Kyle Gann, born 1955 in Dallas, Texas, is a composer of both microtonal and conventionally-tuned music, and the author of seven books on American music. His magnum opus is Hyperchromatica (2015-17), a two-and-a-half-hour cycle of pieces for three retuned, computer-driven pianos in a 33-tone scale (on the Other Minds label). His books include:
The Arithmetic of Listening: Tuning Theory and History for the Impractical Musician (University of Illinois Press, 2019); Charles Ives’s Concord: Essays After a Sonata (University of Illinois Press, 2017); Robert Ashley (American Composers Series, University of Illinois Press, 2012); No Such Thing as Silence: John Cage’s 4’33” (Yale University Press, 2010); Music Downtown: Writings from the Village Voice (University of California Press, 2006); American Music in the 20th Century (Schirmer Books, 1997); and The Music of Conlon Nancarrow (Cambridge University Press, 1995)
He also wrote the introductions to the 50th-anniversary edition of John Cage’s Silence and to the new edition of Robert Ashley’s Perfect Lives. Since 1997 he has taught at Bard College, where he is the Taylor Hawver and Frances Bortle Hawver Professor of Music, and from 1986 to 2005 he was the new-music critic for the Village Voice.
Gann studied composition with Ben Johnston, Morton Feldman, and Peter Gena, and about a fourth of his music is microtonal, using up to 58 pitches per octave. His rhythmic language is steeped in polytempo, phase-shifting, prime-numbered meters, and other such numerical devices. His early works, up to Custer and Sitting Bull – a microtonal, one-man music theater work he’s performed more than 30 times from Brisbane to Moscow – often draw from American Indian sources. Other major works include Sunken City, a piano concerto commissioned by the Orkest de Volharding in Amsterdam; Transcendental Sonnets, a 35-minute work for choir and orchestra commissioned by the Indianapolis Symphonic Choir; The Planets, commissioned by the Relache ensemble via Music in Motion and continued under a National Endowment for the Arts Individual Artists’ Fellowship; and Proença, a chamber song cycle on Ezra Pound. In 2007, choreographer Mark Morris made a large-ensemble dance, Looky, from five of Gann’s works for Disklavier (computerized player piano).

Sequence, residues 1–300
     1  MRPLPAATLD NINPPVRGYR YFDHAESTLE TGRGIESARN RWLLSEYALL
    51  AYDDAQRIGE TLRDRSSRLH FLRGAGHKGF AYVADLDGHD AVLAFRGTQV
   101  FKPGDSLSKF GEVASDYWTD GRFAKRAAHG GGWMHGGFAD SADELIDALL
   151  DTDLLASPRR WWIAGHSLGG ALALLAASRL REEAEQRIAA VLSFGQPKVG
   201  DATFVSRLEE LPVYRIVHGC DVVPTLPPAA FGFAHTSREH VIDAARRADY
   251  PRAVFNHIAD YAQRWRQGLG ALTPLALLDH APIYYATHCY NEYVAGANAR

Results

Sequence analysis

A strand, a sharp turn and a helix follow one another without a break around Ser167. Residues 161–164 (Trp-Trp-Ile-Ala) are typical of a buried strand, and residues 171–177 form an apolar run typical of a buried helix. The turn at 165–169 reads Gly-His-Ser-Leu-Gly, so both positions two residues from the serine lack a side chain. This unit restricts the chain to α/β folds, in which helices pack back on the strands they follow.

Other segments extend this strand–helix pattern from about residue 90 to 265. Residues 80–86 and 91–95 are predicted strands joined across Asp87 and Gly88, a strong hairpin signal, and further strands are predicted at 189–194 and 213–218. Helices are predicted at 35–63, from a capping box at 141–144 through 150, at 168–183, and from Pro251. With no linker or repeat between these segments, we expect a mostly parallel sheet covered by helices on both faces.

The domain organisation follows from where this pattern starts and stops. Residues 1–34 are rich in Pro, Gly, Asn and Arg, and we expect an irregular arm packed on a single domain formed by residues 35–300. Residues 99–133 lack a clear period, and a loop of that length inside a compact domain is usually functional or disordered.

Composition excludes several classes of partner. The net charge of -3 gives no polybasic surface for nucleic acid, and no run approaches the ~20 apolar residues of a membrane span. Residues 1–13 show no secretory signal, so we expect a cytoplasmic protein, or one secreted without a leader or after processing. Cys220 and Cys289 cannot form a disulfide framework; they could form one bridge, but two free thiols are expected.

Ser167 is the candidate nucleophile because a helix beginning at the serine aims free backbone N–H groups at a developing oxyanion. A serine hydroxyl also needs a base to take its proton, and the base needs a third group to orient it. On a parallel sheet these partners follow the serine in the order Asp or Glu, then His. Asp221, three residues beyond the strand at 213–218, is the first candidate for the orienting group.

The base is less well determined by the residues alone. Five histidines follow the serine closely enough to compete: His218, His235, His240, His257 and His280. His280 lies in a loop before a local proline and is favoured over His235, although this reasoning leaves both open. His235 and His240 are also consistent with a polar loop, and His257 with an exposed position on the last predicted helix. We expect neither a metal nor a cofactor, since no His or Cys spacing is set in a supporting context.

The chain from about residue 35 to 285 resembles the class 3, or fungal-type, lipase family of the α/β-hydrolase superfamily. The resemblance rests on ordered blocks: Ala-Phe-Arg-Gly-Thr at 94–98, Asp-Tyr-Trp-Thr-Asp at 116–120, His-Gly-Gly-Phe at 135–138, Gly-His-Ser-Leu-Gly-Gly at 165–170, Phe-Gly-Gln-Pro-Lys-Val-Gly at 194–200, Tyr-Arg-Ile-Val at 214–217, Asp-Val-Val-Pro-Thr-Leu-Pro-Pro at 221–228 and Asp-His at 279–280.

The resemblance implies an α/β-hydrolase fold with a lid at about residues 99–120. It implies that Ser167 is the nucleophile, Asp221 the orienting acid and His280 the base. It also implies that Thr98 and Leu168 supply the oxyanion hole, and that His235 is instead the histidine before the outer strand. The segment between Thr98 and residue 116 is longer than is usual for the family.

Gann returned Dennis Johnson’s five-hour November and Harold Budd’s Children on the Hill (two versions) to the performance and recording repertoire by reconstructing or transcribing them. He has also made a performance edition of George Frederick Bristow’s Arcadian Symphony (No. 4) of 1872.
Gann was a co-founder of the Society for Minimalist Music, and has given keynote addresses at conferences around the world. His writings include more than 3500 articles for more than 45 publications, including scholarly articles on La Monte Young (in Perspectives of New Music), Henry Cowell, John Cage, Edgard Varese, Ben Johnston, Earle Brown, Julius Eastman, Mikel Rouse, John Luther Adams, Dennis Johnson, and other American composers. His blog PostClassic (2003-2016) was for many years the most widely read blog by a single composer. From 1999 to 2010 he wrote the “American Composer” column for Chamber Music magazine, and he was awarded the Peabody Award (2003), the Stagebill Award (1999) and the Deems-Taylor Award (2003) for his writings. His music is available on the New Albion, New World, Cold Blue, Lovely Music, Mode, Other Minds, Meyer Media, New Tone, Innova, Microfest, Vous Ne Revez Pas Encore, Brilliant Classics, and Monroe Street labels. In addition to Bard he’s had teaching gigs at Bucknell, Columbia, Brooklyn College, and the School of the Art Institute of Chicago. In 2003, the American Music Center awarded Gann its Letter of Distinction, along with Steve Reich, Wayne Shorter, and George Crumb.